Indian languages            Indian culture            What's new on our site today!

The Origin of Fire

This version of the legend comes from Katherine Judson's 1914 collection Myths and Legends of the Mississippi Valley and the Great Lakes.

Fire first came from the Great Being, Kutnakin. He gave it into the care of an Indian so old that he was blind.

Now the Indians all knew that fire was good, therefore they tried to steal it. The old man could not see them when they came stealthily to his wigwam, but he could feel the presence of anyone. Then he would beat about him with his stick until he drove away the seekers for fire.

Now one day an Indian seized the fire suddenly. At once the Watcher of the Fire began beating about him with his stick, until the thief dropped the fire. But the old man did not know he had dropped it. He still beat about him so fiercely with his stick that he pounded some of the fire into a log.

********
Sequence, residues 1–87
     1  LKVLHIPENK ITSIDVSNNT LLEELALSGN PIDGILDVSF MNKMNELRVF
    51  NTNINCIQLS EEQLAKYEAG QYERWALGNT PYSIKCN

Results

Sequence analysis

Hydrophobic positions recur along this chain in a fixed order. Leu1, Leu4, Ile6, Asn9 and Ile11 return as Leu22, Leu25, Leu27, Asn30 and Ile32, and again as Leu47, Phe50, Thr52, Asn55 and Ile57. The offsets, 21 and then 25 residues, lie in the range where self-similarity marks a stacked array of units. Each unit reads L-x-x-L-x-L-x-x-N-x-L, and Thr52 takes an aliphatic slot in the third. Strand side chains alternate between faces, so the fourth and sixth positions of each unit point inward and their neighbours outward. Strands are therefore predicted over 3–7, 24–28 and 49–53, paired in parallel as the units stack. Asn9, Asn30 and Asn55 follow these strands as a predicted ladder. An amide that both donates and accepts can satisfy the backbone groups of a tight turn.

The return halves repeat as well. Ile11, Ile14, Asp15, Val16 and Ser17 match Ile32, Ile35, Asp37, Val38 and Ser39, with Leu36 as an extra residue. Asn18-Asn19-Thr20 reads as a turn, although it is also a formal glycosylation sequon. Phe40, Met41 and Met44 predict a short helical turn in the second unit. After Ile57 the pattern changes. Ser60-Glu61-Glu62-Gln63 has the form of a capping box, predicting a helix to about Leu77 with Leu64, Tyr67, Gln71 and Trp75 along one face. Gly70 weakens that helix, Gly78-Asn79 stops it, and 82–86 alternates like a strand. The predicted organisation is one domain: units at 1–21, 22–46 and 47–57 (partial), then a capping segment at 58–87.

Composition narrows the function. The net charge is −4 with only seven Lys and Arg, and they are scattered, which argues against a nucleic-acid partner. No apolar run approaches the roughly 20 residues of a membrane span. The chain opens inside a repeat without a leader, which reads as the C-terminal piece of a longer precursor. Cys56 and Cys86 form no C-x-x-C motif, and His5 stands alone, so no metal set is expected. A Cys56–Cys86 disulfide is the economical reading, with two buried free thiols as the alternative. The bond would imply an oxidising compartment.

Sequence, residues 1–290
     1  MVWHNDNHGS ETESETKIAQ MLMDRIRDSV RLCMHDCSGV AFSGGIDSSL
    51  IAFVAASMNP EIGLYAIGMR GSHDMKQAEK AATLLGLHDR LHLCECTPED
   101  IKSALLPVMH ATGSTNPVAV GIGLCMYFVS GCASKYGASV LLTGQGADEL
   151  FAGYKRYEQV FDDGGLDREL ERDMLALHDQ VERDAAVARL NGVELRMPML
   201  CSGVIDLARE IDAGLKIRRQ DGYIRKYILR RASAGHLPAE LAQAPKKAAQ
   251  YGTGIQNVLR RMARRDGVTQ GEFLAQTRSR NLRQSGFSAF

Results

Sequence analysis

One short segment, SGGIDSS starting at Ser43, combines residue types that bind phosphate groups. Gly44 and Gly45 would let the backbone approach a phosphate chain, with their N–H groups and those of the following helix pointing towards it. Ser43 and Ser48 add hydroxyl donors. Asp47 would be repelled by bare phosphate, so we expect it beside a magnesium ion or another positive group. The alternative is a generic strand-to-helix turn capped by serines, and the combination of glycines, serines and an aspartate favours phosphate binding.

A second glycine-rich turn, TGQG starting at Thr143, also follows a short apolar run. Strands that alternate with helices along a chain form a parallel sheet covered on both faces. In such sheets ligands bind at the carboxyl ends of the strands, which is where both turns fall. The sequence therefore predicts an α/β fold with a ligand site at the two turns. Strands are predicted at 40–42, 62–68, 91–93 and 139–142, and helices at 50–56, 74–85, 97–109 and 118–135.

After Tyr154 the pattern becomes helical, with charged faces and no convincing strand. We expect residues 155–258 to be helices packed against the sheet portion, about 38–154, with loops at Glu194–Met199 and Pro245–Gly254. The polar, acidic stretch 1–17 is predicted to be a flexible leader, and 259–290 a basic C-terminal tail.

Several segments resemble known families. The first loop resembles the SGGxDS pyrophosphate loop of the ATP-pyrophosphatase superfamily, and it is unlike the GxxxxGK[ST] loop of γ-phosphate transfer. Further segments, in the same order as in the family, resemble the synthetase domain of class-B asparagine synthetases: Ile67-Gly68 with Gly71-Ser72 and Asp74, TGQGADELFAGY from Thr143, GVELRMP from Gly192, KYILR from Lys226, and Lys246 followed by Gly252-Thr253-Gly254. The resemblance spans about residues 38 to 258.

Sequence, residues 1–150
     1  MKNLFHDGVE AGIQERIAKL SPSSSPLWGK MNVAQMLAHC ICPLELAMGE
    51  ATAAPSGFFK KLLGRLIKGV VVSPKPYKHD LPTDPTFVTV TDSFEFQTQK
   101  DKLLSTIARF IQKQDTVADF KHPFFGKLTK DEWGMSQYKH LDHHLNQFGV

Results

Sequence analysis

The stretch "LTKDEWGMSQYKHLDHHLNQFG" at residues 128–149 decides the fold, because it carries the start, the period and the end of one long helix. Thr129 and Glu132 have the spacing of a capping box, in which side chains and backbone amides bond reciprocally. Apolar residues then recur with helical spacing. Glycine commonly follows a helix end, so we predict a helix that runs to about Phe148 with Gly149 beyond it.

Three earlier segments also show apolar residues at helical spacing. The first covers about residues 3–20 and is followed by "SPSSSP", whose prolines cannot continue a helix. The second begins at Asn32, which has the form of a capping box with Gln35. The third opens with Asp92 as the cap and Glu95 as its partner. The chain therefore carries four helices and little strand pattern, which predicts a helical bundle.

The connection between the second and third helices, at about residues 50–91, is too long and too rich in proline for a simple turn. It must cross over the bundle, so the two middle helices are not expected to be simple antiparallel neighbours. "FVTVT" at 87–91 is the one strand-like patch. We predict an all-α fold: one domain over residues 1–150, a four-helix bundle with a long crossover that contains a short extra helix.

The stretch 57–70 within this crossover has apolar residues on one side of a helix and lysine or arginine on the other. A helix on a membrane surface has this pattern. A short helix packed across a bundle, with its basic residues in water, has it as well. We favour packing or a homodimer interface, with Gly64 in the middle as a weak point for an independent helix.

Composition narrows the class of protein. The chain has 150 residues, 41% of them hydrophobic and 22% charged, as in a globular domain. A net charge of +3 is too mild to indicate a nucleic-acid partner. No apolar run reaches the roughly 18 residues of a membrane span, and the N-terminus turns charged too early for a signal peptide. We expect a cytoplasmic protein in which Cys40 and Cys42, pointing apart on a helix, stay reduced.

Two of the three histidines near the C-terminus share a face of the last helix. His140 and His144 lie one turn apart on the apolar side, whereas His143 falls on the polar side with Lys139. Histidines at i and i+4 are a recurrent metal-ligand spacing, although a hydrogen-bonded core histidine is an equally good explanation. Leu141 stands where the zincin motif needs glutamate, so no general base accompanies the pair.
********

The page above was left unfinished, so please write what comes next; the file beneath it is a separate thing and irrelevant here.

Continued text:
That is why fire is in wood.

Sponsored links:

More stories to read:

 American Indian fire legends
 Native American nature stories
 Legends about sharing

Learn more about:

 Chitimacha stories
 The Chitimacha language
 The Chitimacha tribe

Back to the Native American legend list
Buy some Native American poems

Indian crafts            Adai Indian            The Pequot war            Ataniel fiction            Tribal tattoos

Would you like to help support our organization's work with endangered American Indian languages?

Native Languages of the Americas website © 1998-2020 * Contacts and FAQ page